08/31/20: Exposure – Matter Of Time
Andi Schopper (vocals)
Allan Betz (keyboards)
Fred Betz (keyboards)
Dane Rinehart (guitar)
Ron Thompson (drums)
Produced by: TBD
Engineered by: TBD
Mixed by: TBD
Mastered by: TBD
12 in stock (can be backordered)
GOOD COMPANY was a band that was supported by the music department at Weber State University (a college in Ogden, Utah). The band toured the USA and Europe with its music and dance act that gained some notoriety in the ’70s and very early part of the ’80s. GOOD COMPANY disbanded in the fall of 1981. GOOD COMPANY featured a few members that went on to find success in other hard rock bands. Guitarist Chris Clary (JERICHO, PARADOX, MEGATTACK, TYPHOID MARY) and guitarist Gilbert Rodriguez (ROADWORK, PARADOX, CHINA DOLL, SHADOW, ANGEL REIGN) went on to join STRYDER, ESSEXX and BAD BOYS. But it was vocalist Andi Schopper and drummer Devin McBeth who searched for other musicians who wanted to play the same keyboard-driven pomp AOR style they enjoyed. Andi and Devin found keyboardist Fred Betz (EASTOUR ISLAND) and they loved the style he brought with him. Fred reached out to his older brother Allan Betz (EASTOUR ISLAND) and asked if he would like to join this new band. Allan asked, “Do they really want two keyboard players?” and Fred said “absolutely.” This band was going to be a very keyboard heavy synth-AOR band with a focus on radio friendly songs. The band also brought in Sam Ferraro and Larry Runkles through a music store ad and now their band was set.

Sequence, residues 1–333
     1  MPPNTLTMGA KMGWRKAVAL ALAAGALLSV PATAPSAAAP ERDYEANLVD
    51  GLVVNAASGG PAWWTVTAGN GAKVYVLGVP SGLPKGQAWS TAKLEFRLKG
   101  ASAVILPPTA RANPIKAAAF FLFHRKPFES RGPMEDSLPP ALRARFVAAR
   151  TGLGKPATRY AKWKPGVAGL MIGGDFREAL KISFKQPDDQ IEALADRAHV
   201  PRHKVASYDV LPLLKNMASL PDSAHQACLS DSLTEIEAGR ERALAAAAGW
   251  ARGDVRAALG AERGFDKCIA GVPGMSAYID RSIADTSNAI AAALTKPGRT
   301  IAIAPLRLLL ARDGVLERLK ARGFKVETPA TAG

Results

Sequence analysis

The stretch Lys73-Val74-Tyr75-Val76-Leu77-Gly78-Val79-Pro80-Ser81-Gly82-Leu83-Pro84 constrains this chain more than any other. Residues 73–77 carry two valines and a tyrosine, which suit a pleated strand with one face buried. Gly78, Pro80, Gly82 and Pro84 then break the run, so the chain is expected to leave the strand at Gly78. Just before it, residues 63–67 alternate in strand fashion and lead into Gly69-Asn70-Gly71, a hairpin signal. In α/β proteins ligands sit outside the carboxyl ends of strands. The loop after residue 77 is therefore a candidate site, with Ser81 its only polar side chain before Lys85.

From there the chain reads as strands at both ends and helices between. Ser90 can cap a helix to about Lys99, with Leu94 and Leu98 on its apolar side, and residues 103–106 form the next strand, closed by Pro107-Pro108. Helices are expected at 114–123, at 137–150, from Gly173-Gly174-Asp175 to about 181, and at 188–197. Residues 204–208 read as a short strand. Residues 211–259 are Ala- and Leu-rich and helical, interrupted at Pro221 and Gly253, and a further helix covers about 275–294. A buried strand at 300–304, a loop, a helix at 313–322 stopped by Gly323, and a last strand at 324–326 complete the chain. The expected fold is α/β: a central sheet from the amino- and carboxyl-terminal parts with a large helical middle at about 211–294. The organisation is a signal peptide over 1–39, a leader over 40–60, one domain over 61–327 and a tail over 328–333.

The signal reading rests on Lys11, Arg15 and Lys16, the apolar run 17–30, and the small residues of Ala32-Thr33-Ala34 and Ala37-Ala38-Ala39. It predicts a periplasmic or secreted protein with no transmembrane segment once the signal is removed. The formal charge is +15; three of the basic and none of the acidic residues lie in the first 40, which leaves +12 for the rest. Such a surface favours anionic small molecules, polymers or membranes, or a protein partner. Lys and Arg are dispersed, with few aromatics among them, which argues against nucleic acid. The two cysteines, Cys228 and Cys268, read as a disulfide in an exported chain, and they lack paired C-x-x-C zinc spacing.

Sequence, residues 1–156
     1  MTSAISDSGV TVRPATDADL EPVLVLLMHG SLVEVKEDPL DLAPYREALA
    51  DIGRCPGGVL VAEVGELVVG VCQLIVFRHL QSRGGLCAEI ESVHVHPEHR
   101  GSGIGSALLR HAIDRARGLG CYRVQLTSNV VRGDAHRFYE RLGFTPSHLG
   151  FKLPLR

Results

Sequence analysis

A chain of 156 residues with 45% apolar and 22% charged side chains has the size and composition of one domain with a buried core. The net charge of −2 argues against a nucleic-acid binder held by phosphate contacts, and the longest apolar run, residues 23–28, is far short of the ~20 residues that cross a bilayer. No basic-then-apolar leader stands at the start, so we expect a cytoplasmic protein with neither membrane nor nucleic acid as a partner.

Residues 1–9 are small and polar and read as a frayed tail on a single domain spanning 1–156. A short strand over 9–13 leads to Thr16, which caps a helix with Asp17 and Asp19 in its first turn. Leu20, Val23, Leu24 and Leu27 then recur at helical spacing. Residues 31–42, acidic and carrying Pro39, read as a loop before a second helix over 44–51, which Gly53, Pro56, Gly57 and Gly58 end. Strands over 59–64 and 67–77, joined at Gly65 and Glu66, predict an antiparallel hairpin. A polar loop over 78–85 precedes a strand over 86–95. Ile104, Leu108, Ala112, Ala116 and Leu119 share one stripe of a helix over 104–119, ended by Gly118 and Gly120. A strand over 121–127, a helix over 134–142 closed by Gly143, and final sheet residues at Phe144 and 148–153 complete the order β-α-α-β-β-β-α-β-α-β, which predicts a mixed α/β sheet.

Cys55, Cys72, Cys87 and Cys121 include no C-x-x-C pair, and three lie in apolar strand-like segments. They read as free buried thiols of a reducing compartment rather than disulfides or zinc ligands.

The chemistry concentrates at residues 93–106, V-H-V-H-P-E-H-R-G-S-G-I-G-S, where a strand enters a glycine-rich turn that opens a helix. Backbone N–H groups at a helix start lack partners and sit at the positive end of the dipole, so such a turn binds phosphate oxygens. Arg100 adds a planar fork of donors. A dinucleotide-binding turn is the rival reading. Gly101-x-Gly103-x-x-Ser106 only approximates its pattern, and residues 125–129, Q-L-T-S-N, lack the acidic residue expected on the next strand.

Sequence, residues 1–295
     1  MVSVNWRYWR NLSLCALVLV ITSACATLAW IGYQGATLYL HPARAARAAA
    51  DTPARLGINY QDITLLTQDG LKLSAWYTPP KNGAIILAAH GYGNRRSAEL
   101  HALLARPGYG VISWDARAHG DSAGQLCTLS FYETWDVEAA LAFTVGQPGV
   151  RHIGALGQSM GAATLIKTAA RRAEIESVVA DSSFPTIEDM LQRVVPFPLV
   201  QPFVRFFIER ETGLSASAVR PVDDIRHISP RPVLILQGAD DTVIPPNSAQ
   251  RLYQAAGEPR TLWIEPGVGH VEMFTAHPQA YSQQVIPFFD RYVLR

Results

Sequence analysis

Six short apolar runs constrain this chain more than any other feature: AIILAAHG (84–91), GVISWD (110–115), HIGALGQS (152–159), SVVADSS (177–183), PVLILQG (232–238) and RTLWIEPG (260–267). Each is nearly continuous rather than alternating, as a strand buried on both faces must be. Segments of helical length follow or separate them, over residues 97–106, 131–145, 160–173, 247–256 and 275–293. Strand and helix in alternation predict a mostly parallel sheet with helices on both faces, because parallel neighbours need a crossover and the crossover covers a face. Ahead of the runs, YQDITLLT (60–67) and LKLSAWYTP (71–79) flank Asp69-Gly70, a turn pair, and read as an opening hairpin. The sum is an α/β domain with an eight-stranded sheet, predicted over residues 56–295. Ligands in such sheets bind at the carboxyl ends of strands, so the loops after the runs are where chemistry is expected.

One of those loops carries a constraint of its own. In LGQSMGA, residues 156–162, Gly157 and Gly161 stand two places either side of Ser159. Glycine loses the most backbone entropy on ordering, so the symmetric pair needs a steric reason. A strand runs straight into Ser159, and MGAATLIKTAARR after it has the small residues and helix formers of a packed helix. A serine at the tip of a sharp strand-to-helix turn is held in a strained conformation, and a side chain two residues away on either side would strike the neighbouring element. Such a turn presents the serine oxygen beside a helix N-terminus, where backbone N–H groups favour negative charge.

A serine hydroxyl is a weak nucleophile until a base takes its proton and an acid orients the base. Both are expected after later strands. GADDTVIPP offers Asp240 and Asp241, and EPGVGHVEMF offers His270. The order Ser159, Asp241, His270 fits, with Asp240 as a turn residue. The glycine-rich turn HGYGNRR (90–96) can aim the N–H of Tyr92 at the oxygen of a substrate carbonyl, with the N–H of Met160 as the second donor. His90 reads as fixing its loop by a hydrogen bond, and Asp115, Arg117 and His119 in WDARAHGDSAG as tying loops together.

The band decided to call themselves “NIGHTLIFE,” as this name really encompassed what the band was all about. Andi had a house in Ogden, Utah, where the band rehearsed in the basement. NIGHTLIFE wrote a few original songs that they worked into their set of popular cover songs; this got them noticed by fans and talent scouts alike. The band contracted with Kevin Jackson to be their entertainment lawyer. Kevin reached out to Chris Harding from Aircastle Records and brought him to a NIGHTLIFE show in Clearfield, Utah, at the Pier 3 Club. Chris liked what he saw and heard and signed the band to his label that night. Kevin then contacted Gino Venturi, a music booking agency in San Mateo, California. He wanted to get the band into the hotel circuit. This caused a little tension in the band as some of the band members did not want to leave Utah. The club Main Event in Murray, Utah, offered the band $2,300 a week to be the house band. But a club in Sacramento, California, was offering $1,800 a week through Gino Venturi. The band decided to go on the road and moved the act to Sacramento (Sacramento Inn). This move gave the band more exposure outside of Utah and helped them create a bigger name for themselves.